The first family believed to have lived in this particular structure was William Edmonston and his wife, Elizabeth Stamply, probably in the 1830's. The Ory House may have been their new family home. They gave birth to William Louis Edmonston, who married Mary Aucoin. Their daughter, Mary E. Edmonston, born in 1870, married John Wilton Ory and gave birth to Elmer Eugene Ory. He married Olive Daigle and had a son, Eugene Hyle Ory and four daughters, 'Erin' Marie, Elva 'Clare', Mary 'Nell', and 'Ivy' Rose, who married Bruce Smith. Their son, Wiley Smith, was instrumental in selling the Ory House to Dr. F. Wayne Stromeyer, the present owner.Eugene was the last adult male Ory to live in this house. Eugene married Norma Elizabeth Theriot and gave birth to three daughters and three sons,including Katherine 'Dianne', Norma Gene 'Genie', Sherry 'Beth', Stephan, Allen 'Keith', and Donald.
The house is constructed in the bousillage-entre-poteaux sur solle, or "mud-between posts on a sill" method. The main wall posts are mortised into heavy cypress sills. A mixture of mud and moss was used as infill between the posts. The sills are elevated about 2 feet on cypress blocks. Evidence from nails demonstrates that the house was constructed after 1834 and before the late 1880's. Family tradition is that the house was constructed about 1830. An earlier cabin, perhaps the original settler's house, survives on the property.
The Ory House is a folk house, constructed by those who lived in it. That is demonstrated by the lack of beading of the exposed ceiling joists, the modest use of bracing, and the lack of decorative features. As originally built, the core of the house was divided between a 14 foot wide salle and a 10 foot chambre. Later, the partition was moved to a more central location. There is an 8 foot deep gallery across the front and a 10 foot cabinet range behind the two main rooms. This was asymmetrically partitioned into two smaller rooms identical in widths to the original main rooms. Stairs to the attic, which was employed as a girl's bedroom, are set in the larger cabinet. The doors and windows were originally unglazed, simply protected with board and batten shutters. Later, six-over-six double hung windows were added and several of the plank doors were replaced with commercial paneled doors. The original chimney, perhaps of mud and sticks, was replaced with a larger brick chimney. The Ory House was moved from its original location approximately 200 feet to the south in March of 1992.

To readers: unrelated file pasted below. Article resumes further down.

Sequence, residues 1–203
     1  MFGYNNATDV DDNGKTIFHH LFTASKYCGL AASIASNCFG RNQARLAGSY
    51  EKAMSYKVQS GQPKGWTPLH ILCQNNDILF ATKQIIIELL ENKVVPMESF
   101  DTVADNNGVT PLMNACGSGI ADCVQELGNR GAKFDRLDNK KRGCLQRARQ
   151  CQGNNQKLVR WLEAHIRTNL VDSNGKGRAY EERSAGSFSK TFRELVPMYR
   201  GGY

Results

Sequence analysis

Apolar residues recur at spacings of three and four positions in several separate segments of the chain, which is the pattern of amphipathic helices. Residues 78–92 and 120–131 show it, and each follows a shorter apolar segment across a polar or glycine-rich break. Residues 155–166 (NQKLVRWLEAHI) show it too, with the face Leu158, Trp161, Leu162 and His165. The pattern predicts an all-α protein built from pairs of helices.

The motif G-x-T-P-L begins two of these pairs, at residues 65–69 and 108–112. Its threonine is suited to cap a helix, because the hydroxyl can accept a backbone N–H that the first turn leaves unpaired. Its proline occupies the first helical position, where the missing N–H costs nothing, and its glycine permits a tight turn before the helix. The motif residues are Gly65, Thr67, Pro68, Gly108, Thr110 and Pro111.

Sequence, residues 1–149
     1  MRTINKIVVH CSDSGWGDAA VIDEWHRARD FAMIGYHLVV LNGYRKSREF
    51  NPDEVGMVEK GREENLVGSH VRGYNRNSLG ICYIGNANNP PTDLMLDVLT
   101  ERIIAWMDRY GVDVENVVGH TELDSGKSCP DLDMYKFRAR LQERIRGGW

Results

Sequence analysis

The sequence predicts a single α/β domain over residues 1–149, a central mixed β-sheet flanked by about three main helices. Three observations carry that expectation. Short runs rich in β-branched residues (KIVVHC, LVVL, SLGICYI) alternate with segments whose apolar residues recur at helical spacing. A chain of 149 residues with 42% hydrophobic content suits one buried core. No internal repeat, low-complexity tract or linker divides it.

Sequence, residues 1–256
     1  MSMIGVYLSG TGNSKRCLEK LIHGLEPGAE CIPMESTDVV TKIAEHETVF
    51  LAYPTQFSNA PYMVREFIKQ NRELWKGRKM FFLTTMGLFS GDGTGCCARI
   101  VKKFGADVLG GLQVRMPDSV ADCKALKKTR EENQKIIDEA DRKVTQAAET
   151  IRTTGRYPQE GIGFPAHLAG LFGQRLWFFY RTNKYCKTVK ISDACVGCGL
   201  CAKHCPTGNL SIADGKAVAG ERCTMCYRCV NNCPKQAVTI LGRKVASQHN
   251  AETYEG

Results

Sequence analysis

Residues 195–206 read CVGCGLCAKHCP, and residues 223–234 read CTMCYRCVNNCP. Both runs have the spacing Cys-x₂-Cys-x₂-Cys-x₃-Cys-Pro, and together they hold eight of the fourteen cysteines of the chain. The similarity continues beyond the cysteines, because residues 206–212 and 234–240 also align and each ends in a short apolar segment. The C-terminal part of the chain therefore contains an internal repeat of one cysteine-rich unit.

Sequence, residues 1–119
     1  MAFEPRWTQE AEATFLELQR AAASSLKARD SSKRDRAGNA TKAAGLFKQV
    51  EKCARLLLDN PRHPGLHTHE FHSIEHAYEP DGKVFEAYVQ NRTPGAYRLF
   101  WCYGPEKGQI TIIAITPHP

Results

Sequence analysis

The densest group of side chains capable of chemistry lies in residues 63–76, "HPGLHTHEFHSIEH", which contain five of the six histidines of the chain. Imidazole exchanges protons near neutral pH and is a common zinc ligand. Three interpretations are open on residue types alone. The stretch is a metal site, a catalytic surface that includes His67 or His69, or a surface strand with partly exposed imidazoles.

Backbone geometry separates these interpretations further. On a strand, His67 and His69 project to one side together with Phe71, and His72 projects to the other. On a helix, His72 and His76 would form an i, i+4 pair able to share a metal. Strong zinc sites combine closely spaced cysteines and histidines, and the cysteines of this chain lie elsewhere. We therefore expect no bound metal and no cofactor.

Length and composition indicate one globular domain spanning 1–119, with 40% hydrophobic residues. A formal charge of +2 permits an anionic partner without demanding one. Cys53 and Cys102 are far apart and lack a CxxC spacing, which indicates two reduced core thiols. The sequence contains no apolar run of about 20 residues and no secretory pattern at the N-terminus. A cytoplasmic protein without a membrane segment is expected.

The following pictures were taken by Lloyd Daigle before the Ory House was moved to it's present location. Lloyd has been gracious enough to allow me to publish these pictures on my website. Thanks Lloyd, we all appreciate the pictures.
This picture is shot from the inside of the Ory House attic; note the rather large cracks between the wood planks where the bousillage-entre-poteaux sur solle has fallen out. Also note the chimney that dominates this picture of the attic.
List of German Documents
Early Map Site
Maps of Alsace - Lorrainne Region
Ory House Plans